On Palm Sunday, many of the Jews were willing to accept Jesus as their King. But, the nation as a whole rejected Him as King of Israel. The last days of Jesus life speak a great deal to the question of His being the King of Israel promised to sit on David's throne.
Jesus then gave his scathing denouncement of the leadership of Israel. He followed this with this lament.
Jesus implied that His taking His seat as King of Israel as the "Son of David" was being postponed UNTIL Israel repents nationally. Paul says this will occur when the "fullness of the gentiles" come in [Rom. 11]. This in no way diminishes His being the King! It is just that Israel will NOT benefit from His being their King UNTIL they repent. Once national repentance takes place, Jesus will take His seat on the "glorious throne" [Matt. 19:28, Matt. 25:31].
Jesus is King, and His kingdom is present in the remnant of believers. But, the Davidic covenant specifically speaks of a political throne of Messiah. Jesus is the rightful king, just as David was the rightful King after Samuel anointed him. However, he had to await Saul's removal. Likewise, Jesus is now WAITING in heaven for His enemies to be made His footstool. Let's look at John's account of Jesus' trial before Pilate.
The word 'now' implies that Jesus' kingdom at present is not "of this world," but will be in the future. This is clearly what the disciples expected when they asked Jesus about when He might "restore the Kingdom to Israel."
The implication here is that the restoration of Israel's throne will be AFTER the gospel is taken to the nations.
Jesus is now seated with His Father in HIS throne. He is NOT seated on HIS throne. Upon His coming He will sit on HIS OWN throne, the place of King of Israel under the Davidic Covenant.
There is clearly a distinction made here between the present 'throne' Jesus occupies and the future 'throne.' One is said to be His Father's throne, and the other is said to be Jesus' throne.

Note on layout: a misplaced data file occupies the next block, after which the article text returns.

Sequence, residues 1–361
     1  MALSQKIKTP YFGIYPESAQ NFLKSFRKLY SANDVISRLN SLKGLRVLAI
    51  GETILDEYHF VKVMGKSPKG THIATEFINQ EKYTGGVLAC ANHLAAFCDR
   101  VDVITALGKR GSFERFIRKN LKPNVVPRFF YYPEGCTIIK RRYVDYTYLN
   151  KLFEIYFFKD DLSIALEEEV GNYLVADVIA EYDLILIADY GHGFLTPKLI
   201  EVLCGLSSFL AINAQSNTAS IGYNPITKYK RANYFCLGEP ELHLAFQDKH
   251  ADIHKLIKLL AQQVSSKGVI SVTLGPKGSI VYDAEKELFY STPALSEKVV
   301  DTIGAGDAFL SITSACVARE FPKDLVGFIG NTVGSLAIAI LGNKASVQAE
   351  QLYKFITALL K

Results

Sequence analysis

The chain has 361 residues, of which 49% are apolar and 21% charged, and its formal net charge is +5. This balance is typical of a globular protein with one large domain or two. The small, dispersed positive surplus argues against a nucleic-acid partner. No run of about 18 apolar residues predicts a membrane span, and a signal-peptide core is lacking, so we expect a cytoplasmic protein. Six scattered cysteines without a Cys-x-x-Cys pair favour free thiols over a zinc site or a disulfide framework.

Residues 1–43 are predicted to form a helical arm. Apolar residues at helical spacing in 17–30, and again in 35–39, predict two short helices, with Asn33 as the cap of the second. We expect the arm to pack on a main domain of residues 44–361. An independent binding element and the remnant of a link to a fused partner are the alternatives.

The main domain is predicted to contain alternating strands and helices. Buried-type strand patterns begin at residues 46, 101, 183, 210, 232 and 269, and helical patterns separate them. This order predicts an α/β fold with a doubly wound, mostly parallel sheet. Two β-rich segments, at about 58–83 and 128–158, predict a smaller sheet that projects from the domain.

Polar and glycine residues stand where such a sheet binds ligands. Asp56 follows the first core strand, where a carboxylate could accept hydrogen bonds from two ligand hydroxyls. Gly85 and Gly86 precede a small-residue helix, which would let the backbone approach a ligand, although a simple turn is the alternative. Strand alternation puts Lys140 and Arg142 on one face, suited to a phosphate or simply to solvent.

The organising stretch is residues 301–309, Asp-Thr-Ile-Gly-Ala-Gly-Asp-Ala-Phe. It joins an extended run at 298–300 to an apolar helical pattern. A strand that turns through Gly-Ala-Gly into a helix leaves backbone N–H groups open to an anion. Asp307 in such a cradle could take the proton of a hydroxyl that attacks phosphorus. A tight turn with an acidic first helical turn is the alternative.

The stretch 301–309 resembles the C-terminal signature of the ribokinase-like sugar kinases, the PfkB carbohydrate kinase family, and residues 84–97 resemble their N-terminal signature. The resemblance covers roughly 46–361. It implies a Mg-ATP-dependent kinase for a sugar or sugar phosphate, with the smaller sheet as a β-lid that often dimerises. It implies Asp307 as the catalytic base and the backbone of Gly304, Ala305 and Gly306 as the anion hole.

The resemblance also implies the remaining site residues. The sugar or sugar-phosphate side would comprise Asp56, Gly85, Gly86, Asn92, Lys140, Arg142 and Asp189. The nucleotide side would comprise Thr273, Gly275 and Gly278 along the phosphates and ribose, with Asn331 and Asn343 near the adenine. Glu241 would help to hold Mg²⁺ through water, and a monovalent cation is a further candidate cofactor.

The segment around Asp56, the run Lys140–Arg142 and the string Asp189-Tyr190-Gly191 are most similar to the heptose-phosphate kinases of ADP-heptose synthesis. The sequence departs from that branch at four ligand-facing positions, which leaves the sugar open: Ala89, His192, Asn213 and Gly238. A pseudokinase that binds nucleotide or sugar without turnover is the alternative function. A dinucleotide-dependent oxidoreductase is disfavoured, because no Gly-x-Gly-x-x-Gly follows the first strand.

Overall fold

It is clear then that Jesus' present place at the Father's side is a place of WAITING. And according to Revelation 3:21, Jesus does NOT consider being seated at the Father's side as occupying "HIS THRONE." Likewise, several passages say that He will sit on HIS own throne at His second coming, [Matt. 19:28 & Matt. 25:31].
The term "throne of David" is a synonym for "King of Israel." Other kings of Israel were said to be seated on "David's throne," [I Kings 2:12,24, Jer. 22:2,4, Jer. 36:30].
Based on this, it seems that being "seated on David's throne" strongly implies ruling over Israel in a political sense. In fact, this is exactly what Gabriel promised to Mary - "he will rule over the house of Israel forever, and of His kingdom there shall be no end."
Until Jesus returns, and actually takes his place as "King of Israel," He cannot be considered seated on David's throne in fulfillment of the Davidic Covenant. Granted, it is well established in Scripture that Jesus is that King. And even that He presently rules in the hearts of the faithful remnant. But, His kingdom now is limited to the hearts of the redeemed. As yet it is not a political Kingdom, ruling the earth with Israel as head of the nations.
There is clearly a distinction made here between Jesus' place in heaven now, and His future place as ruling the nations with a rod of iron. His ruling in this manner begins when He returns as "King of kings and Lord of lords."